Unfortunately, I am sure this speech will irk some of my friends. They will mention the scholarships, the hosting of refugees, etc. My speech is focusing on the political aspect of the relations; humanitarian and charitable deeds are an obligation of a neighbor and a measure of a country’s humanity—that should not be a stumbling block that prevents us from airing our views. If that is the case, blackmailing those who criticize Ethiopia by bringing the issue of refugees and scholarships doesn’t help in creating a robust opposition to the tyranny in Eritrea. It will be empty appeasement, dishonesty that produces nothing for Ethiopia or for Eritrea. And that also applies to Sudan, and I am calling the Sudanese regime, with its fugitive president, an enemy.

My irked friends might remind me for the umpteenth time that Ethiopia pursues its national interest. My answer would be: let the Ethiopians worry about their interest, you worry about Eritrean interest. Ethiopia doesn’t need amateur Eritrean diplomats to advance its cause, it is able to do so on its own; it is upon the eighty-something million Ethiopians to advance its interests. I love Ethiopia and Ethiopians (less the chauvinists among them) and I recognize we are stuck being neighbors. Many of us wish for a relation that works… one based on respect and mutual benefits. Since I feel our alliance with the Ethiopians advances our interests, I like to deal with it in total honesty. Apart from that, we shouldn’t tolerate indignity from the Eritrean tyrant, and naturally, we shouldn’t take it from anyone else.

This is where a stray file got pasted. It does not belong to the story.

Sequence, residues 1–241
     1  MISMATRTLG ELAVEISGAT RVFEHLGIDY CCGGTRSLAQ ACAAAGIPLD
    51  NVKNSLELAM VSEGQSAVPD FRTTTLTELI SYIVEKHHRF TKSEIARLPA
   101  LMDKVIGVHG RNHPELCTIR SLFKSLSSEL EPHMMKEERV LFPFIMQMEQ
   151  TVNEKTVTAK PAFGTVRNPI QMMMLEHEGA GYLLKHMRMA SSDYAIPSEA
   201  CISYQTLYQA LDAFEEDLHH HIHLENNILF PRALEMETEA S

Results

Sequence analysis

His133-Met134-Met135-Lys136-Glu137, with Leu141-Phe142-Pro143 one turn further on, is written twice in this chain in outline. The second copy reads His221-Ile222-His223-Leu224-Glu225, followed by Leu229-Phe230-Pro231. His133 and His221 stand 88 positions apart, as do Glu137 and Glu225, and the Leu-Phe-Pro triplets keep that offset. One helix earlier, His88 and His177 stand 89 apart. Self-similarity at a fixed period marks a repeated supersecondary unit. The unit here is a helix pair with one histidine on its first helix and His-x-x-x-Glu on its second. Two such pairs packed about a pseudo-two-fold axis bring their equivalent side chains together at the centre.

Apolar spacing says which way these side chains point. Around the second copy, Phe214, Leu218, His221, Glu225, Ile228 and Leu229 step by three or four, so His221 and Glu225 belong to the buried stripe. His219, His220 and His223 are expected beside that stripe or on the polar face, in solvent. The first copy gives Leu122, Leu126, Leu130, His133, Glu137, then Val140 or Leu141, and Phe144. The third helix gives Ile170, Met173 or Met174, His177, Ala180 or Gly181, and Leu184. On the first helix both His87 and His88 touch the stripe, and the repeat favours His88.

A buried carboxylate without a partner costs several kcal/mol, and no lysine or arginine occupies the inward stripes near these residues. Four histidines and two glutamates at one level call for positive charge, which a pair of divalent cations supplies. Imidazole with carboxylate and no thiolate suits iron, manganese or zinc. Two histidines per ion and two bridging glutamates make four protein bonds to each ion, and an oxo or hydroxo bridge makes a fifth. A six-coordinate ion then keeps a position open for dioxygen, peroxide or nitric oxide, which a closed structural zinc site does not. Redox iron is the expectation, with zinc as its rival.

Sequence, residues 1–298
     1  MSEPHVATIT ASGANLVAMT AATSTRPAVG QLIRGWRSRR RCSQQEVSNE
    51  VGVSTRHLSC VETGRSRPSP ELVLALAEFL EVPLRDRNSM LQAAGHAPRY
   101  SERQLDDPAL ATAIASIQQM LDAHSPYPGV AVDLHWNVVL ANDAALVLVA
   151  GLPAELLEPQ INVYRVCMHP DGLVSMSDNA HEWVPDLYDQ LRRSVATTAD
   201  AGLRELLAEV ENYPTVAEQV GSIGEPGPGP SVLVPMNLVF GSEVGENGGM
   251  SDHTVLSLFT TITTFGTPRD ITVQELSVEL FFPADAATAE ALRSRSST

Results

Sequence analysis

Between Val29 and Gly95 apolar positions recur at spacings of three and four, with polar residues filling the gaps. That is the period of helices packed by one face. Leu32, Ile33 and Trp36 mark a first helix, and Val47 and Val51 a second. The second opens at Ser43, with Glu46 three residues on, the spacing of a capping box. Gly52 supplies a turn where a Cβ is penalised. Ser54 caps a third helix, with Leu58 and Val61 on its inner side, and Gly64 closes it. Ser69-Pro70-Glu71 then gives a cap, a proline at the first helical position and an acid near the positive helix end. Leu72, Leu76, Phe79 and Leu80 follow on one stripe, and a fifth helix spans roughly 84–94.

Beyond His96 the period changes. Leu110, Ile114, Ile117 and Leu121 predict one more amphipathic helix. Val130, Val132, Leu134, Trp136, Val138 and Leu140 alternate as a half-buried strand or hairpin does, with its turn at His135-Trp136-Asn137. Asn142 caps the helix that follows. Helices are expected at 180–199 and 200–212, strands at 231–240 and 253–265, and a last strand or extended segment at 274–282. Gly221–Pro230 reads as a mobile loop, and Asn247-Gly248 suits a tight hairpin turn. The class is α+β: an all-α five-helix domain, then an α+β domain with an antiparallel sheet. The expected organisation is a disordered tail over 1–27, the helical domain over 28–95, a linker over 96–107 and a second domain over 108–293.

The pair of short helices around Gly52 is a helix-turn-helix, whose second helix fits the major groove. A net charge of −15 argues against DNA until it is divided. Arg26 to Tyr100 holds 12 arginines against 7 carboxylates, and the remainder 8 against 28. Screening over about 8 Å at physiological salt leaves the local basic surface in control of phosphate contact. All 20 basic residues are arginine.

The last time I met the late PM Meles Zenawi, he told me the following:

“…For example we are beginning to develop the potassium resources in the Afar region of Ethiopia—that is millions of tons per year that needs to be transported. Technically, the closest port to this is not even Asseb, it is Tio. You could develop it into a big port. So under normal situation, Eritrea could regain most of these businesses and develop new businesses as well…”

Indeed, Ethiopia needs a causeway that would run approximately 40Kms to access the red Sea through Tio. We have to realize that the no-war-no-peace situation is hurting Eritrea as much as it’s hurting Ethiopia; normalcy would benefit both countries. There are many benefits that both can reap from a normal relation serving their mutual interest. We have a lot to give in our relations with Ethiopia, we shouldn’t see our hand as the lower one.